In defense of reason and landlords


Oregon is on its final turn toward statewide rent control by legislative fiat. California landlords are just catching their breath after dodging the rent control bullet by referendum. Activists rarely rest, and they only have to succeed once to do tremendous damage.

Housing is big business and artificially engineering rents on privately-owned assets has consequences—none of which is lower rent or more inventory. The net result of San Francisco imposing rent control years ago was, in fact, the opposite: a reduction in the number of units on the market and an on-average increase in rents of non-rent-controlled units.

Rental apartments are a high-risk and cyclical business. In California, for example, governments have systematically reduced developable land supply since the 1970s, even as renter demand grew, designating large swaths of land as “open space” and imposing urban growth boundaries. Add to that onerous regulations which increase the cost of every new unit by 30 percent or more. It’s no wonder it takes years before a shovel hits dirt.

On its own, capitalism, free market enterprise, business is—by nature—a fight. It’s a daily battle for existence, a struggle for market share, a constant push toward growth and profitability. Throughout history, honesty, ingenuity, tenacity and the ability to deliver a good product at a fair price have been the keys to establishing a company’s value to its market.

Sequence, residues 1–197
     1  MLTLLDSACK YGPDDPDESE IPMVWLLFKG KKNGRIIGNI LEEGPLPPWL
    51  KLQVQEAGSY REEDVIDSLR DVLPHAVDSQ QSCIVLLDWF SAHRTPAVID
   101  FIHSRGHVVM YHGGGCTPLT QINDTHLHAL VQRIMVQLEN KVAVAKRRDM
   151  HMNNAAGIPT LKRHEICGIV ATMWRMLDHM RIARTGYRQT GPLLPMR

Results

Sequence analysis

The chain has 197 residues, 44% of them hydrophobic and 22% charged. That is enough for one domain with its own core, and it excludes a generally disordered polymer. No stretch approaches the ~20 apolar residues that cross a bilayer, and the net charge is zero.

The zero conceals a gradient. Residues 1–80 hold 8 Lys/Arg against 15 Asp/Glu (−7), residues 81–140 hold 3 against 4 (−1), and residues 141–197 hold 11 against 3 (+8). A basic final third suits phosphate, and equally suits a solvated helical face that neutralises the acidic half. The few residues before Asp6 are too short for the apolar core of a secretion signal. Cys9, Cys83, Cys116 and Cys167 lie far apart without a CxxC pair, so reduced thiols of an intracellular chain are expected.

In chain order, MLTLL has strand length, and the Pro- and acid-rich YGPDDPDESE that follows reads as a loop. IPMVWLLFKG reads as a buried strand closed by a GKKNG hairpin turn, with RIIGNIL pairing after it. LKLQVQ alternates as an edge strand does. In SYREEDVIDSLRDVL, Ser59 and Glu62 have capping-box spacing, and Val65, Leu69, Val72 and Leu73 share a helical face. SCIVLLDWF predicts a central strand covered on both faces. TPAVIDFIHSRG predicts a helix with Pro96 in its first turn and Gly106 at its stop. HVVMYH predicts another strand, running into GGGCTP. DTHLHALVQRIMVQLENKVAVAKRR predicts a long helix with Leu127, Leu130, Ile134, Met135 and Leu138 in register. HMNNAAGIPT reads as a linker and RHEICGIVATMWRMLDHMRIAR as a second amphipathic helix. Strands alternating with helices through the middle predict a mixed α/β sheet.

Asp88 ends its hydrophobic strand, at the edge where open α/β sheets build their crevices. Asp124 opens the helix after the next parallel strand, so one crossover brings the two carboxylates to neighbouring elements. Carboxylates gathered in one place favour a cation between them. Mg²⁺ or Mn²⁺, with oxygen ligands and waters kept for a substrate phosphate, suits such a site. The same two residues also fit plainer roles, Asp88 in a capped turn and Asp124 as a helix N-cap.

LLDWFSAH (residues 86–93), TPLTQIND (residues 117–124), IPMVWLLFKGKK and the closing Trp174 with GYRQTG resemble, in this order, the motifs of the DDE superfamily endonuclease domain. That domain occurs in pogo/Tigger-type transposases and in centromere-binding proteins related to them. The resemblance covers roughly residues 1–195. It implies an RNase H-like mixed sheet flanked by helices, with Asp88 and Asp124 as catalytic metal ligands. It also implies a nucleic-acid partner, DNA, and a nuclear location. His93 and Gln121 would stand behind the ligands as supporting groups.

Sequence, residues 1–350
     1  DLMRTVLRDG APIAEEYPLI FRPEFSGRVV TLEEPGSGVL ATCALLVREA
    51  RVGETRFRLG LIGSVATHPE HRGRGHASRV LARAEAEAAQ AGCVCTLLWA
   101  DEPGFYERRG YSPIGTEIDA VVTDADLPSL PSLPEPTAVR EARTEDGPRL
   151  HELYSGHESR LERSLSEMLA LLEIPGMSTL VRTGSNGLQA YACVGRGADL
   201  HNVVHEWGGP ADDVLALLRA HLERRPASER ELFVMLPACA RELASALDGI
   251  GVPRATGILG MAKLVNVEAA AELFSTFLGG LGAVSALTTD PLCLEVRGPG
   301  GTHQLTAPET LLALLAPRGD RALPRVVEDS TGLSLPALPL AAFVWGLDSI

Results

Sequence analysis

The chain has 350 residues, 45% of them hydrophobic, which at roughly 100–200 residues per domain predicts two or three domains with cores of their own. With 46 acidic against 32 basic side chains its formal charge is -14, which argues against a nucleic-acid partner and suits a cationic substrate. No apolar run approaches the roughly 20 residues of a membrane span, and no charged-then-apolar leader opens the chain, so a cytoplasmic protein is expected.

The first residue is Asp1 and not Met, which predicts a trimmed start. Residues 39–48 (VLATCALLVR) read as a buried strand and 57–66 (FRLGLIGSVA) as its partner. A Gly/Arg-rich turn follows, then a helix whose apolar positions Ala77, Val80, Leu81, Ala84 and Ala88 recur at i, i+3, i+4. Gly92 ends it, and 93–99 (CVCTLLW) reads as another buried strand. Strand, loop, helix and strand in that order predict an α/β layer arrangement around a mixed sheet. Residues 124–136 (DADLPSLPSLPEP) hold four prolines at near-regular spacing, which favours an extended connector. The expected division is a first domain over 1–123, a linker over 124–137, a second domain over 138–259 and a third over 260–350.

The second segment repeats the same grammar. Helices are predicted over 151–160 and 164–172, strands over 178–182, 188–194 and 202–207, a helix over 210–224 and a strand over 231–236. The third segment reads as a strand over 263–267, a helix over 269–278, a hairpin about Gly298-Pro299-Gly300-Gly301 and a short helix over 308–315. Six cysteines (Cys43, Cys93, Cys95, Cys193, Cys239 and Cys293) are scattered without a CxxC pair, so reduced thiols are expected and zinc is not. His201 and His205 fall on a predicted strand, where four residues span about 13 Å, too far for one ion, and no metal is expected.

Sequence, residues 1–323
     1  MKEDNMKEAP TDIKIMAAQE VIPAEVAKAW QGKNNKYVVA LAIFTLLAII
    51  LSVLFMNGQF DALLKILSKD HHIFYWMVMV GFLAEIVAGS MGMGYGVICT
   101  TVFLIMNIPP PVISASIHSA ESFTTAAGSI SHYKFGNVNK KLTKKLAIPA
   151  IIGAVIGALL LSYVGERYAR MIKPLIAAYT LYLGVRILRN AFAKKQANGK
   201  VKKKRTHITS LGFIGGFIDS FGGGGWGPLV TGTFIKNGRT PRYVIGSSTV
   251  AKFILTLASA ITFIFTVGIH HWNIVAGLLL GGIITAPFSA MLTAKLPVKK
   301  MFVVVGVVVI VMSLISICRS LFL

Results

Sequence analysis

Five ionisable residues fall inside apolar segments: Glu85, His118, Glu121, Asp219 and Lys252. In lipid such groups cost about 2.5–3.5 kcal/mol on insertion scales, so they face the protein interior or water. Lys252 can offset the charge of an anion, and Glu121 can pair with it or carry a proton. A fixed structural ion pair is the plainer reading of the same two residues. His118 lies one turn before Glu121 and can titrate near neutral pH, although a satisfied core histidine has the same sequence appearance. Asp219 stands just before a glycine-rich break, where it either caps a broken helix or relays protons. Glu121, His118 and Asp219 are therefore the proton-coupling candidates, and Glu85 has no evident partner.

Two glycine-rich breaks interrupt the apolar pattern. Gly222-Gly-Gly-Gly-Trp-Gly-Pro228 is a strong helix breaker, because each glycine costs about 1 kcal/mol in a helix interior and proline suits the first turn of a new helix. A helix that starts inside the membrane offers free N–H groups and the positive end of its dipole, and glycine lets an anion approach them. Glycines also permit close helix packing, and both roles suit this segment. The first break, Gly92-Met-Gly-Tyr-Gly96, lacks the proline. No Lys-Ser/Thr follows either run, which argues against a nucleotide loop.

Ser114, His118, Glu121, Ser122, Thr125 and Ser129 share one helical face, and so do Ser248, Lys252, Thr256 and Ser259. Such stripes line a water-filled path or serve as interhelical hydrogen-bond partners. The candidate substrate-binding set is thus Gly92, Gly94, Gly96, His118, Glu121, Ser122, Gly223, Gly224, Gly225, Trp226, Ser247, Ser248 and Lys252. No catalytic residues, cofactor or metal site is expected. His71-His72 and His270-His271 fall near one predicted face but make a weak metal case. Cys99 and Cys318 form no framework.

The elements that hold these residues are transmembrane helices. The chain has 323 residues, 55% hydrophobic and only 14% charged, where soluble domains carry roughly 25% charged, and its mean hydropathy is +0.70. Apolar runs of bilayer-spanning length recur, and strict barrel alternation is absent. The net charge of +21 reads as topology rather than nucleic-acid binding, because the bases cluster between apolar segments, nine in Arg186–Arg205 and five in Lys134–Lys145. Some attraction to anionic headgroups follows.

Profits are the market’s show of appreciation for the benefits a business provides by building or operating, say, apartments.

In a free market economy, profitability means you are providing value to residents, and in turn those residents are willing to pay more than it costs to operate those apartments for the privilege of living there. When residents feel they are no longer receiving value—they move.

In a non-market economy, one that is heavily regulated or otherwise manipulated, consumers are left with few options and turn to quick fixes to gain control over that which is out of their control.

This means that when the methodical and decades-long squeeze on land supply, ever increasing regulation, rising taxes and other costs of operation reach a critical level, creating a housing crisis—landlords are historically the default target. But the cost of doing business cannot be the apartment operators’ silent burden.

Attacking businesses that have built value through housing is never good economics.

Businesses, especially apartment businesses, need moral clarity, courage and solid data. Today’s business environment demands facts from a reliable source. We hope that you count on us to be that source.